No business-secrets fluffery here, though Weatherford does credit Genghis Khan and company for seeking “not merely to conquer the world but to impose a global order based on free trade, a single international law, and a universal alphabet with which to write all the languages of the world.” Not that the world was necessarily appreciative: the Mongols were renowned for, well, intemperance in war and peace, even if Weatherford does go rather lightly on the atrocities-and-butchery front. Instead, he accentuates the positive changes the Mongols, led by a visionary Genghis Khan, brought to the vast territories they conquered, if ever so briefly: the use of carpets, noodles, tea, playing cards, lemons, carrots, fabrics, and even a few words, including the cheer hurray. (Oh, yes, and flame throwers, too.) Why, then, has history remembered Genghis and his comrades so ungenerously? Whereas Geoffrey Chaucer considered him “so excellent a lord in all things,” Genghis is a byword for all that is savage and terrible; the word “Mongol” figures, thanks to the pseudoscientific racism of the 19th century, as the root of “mongoloid,” a condition attributed to genetic throwbacks to seed sown by Mongol invaders during their decades of ravaging Europe. (Bad science, that, but Dr. Down’s son himself argued that imbeciles “derived from an earlier form of the Mongol stock and should be considered more ‘pre-human, rather than human.’ ”) Weatherford’s lively analysis restores the Mongols’ reputation, and it takes some wonderful learned detours—into, for instance, the history of the so-called Secret History of the Mongols, which the Nazis raced to translate in the hope that it would help them conquer Russia, as only the Mongols had succeeded in doing.

A horde-pleaser, well-written and full of surprises.

Pub Date: March 2, 2004

ISBN: 0-609-61062-7

Page Count: 320

Publisher: Crown

Review Posted Online: May 19, 2010

Kirkus Reviews Issue: Dec. 1, 2003

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A compelling journey into the heart of darkness with an articulate, capable guide.

An investigation of evil and how it manifests in our society.

As an acclaimed journalist, Sullivan, author of Graveyard of the Pacific, Dead Wrong, and other books, thought of himself as a man of reason and intelligence, with a good dose of cynicism. Then, when covering the wars that tore apart Yugoslavia, he confronted too many atrocities to believe that nothing was behind them. The author sensed the presence of evil and began to research the origin of it, which led him to the fundamental figure of malignity. While researching the book, Sullivan brushed against inexplicable, personal incidents—e.g., a weird threat from a well-dressed stranger, an ominous letter in his mailbox, the dream image of a black dog. The author shows how Christianity gave the Devil a personification, a central role, and a name. Sullivan looks at the theologians who wrestled with the conflict between the persistence of evil and the presence of an omnipotent God, finding that none of them reached a satisfying conclusion. He also studies a number of serial killers and murders, as well as accounts of a carefully documented, nightmarish exorcism that lasted four months in Iowa in 1928. Yet somehow, writes Sullivan, the Devil has been able to convince everyone that he does not exist, so is “able to hide in plain sight because of the cover we all give him with our fear, our denial, our rationalization, [and] our deluded sense of enlightenment.” The author believes that the Devil is real, but, he adds, each of us is responsible for our own decisions. This is not an easy book to read, and some parts are profoundly disturbing. Sullivan offers crucial insights, but timid readers should think carefully before entering its dark labyrinth.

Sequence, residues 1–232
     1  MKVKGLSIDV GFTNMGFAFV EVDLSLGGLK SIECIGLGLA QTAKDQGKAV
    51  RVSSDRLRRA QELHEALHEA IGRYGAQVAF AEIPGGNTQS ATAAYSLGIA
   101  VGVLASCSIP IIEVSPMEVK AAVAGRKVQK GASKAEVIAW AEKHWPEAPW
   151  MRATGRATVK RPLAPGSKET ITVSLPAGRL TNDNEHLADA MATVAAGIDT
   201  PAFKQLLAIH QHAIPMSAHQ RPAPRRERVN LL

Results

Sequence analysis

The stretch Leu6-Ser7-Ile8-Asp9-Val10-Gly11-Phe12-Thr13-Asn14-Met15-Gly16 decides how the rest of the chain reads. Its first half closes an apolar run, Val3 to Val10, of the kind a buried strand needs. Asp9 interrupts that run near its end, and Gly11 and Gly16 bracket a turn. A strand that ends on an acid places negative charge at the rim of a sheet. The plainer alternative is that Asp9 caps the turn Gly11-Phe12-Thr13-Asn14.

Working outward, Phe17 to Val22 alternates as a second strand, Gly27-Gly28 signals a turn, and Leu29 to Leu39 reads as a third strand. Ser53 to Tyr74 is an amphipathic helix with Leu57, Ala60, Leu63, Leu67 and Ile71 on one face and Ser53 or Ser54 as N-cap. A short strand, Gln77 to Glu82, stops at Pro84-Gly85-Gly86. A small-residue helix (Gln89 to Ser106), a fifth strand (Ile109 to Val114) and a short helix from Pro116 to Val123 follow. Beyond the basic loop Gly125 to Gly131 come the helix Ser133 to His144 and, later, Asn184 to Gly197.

A compelling journey into the heart of darkness with an articulate, capable guide.

Pub Date: May 14, 2024

ISBN: 9780802119131

Page Count: 432

Publisher: Atlantic Monthly

Review Posted Online: Jan. 19, 2024

Kirkus Reviews Issue: March 1, 2024